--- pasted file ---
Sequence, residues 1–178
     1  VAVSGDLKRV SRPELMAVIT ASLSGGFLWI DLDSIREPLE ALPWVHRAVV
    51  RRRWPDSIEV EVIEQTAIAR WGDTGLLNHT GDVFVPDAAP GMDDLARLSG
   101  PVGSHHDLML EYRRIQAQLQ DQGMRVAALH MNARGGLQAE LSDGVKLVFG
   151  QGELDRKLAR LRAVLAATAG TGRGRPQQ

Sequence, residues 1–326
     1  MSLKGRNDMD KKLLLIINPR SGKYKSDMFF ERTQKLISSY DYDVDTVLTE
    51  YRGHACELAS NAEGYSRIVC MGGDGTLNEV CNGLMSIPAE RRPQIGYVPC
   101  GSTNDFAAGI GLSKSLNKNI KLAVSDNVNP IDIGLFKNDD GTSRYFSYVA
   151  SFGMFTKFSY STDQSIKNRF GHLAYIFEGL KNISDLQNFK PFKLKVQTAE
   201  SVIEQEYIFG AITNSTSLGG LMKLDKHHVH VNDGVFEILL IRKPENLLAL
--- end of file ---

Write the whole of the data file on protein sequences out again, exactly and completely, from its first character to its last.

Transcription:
Sequence, residues 1–178
     1  VAVSGDLKRV SRPELMAVIT ASLSGGFLWI DLDSIREPLE ALPWVHRAVV
    51  RRRWPDSIEV EVIEQTAIAR WGDTGLLNHT GDVFVPDAAP GMDDLARLSG
   101  PVGSHHDLML EYRRIQAQLQ DQGMRVAALH MNARGGLQAE LSDGVKLVFG
   151  QGELDRKLAR LRAVLAATAG TGRGRPQQ

Sequence, residues 1–326
     1  MSLKGRNDMD KKLLLIINPR SGKYKSDMFF ERTQKLISSY DYDVDTVLTE
    51  YRGHACELAS NAEGYSRIVC MGGDGTLNEV CNGLMSIPAE RRPQIGYVPC
   101  GSTNDFAAGI GLSKSLNKNI KLAVSDNVNP IDIGLFKNDD GTSRYFSYVA
   151  SFGMFTKFSY STDQSIKNRF GHLAYIFEGL KNISDLQNFK PFKLKVQTAE
   201  SVIEQEYIFG AITNSTSLGG LMKLDKHHVH VNDGVFEILL IRKPENLLAL